To characterize the interaction between aerosols and clouds, the ORACLES (ObseRvation of Aerosols above Clouds and their IntEractionS) field deployments took place during 2016–2018 over the southeastern Atlantic Ocean immediately to the west of the southern African continent. The goal was to develop an understanding of the impacts of southern African BB aerosol transport over the Atlantic Ocean on climate (Redemann et al., 2021). Collaborative international deployment activities over the SE Atlantic, such as the UK's CLARIFY (CLoud–Aerosol–Radiation Interactions and Forcing) campaign (September 2016, 16 August–7 September 2017; Haywood et al., 2021), the USA's Department of Energy (DOE) LASIC (Layered Atlantic Smoke Interactions with Clouds) campaign (1 June 2016–31 October 2017; Zuidema et al., 2018), and the French AEROCLO-sA (AErosol RadiatiOn and CLOuds in Southern Africa) campaign (22 August–12 September 2017; Formenti et al., 2019) have also advanced the understanding of aerosols and their interaction with clouds. A few results from ORACLES have elucidated the observed details of aerosol–cloud interactions (Kacarab et al., 2020; Gupta et al., 2021), the combined direct aerosol radiative effect (Cochrane et al., 2021), and the impact of moisture outflow on mid-level clouds (Adebiyi et al., 2020; Pistone et al., 2021). However, while those studies highlight the detailed features of aerosol–cloud interaction during the deployment period, they cannot tell us whether the observations were typical. Hence, understanding the meteorological characteristics during the ORACLES deployment and how different they are compared to the climatological mean in various temporal and spatial scales is critical. This paper focuses on the climatological overview of the meteorology reflecting the coupled land–ocean–atmosphere system and the representativeness of the deployment months.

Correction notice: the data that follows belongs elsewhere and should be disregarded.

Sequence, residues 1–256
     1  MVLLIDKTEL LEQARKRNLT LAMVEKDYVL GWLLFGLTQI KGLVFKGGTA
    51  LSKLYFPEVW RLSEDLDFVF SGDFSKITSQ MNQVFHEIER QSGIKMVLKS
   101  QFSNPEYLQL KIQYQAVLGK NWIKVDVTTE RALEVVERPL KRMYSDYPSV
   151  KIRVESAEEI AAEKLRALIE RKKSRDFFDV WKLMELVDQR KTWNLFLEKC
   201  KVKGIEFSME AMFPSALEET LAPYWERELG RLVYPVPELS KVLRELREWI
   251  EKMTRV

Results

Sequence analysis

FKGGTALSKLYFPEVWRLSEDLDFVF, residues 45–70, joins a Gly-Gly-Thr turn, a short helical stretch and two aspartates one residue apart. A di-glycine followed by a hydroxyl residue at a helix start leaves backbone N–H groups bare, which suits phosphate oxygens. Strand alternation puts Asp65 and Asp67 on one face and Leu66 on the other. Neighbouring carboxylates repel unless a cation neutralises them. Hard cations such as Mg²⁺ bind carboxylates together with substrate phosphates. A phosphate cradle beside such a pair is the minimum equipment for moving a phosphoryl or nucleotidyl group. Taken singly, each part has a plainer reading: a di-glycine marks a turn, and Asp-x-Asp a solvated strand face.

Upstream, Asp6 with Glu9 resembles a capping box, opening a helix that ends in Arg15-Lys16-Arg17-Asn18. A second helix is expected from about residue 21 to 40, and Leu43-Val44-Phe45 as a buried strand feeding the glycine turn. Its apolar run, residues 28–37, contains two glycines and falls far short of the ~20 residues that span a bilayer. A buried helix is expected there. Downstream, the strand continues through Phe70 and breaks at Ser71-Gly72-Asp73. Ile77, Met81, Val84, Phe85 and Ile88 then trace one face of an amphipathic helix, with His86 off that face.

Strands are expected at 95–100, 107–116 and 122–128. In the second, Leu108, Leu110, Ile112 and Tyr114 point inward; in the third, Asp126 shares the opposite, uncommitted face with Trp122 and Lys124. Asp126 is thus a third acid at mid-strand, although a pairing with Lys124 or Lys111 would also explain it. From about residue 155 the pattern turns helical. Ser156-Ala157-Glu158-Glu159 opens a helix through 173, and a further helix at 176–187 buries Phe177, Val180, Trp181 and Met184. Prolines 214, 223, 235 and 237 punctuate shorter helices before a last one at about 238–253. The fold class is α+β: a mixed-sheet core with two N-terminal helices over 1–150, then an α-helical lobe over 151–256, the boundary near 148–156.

Aerosol–cloud interactions are modulated by meteorology. For example, cloud cover changes with LTS, which is modified not only by surface temperature but also by the absorption of solar radiation by aerosols residing above the cloud over the ocean in the African region (Gordon et al., 2018; Mallet et al., 2019, 2020). Other recent studies also detail how the large-scale flow interacts with the entrainment of smoke into the boundary layer (Diamond et al., 2018; Zhang and Zuidema, 2019; Abel et al., 2020). Thus, it is important to identify the direct impact of the prevailing circulation on BB aerosol transport and stratocumulus decks and to separate the meteorological impact on the stratocumulus deck from the aerosol impact on stratocumulus during the ORACLES deployment period.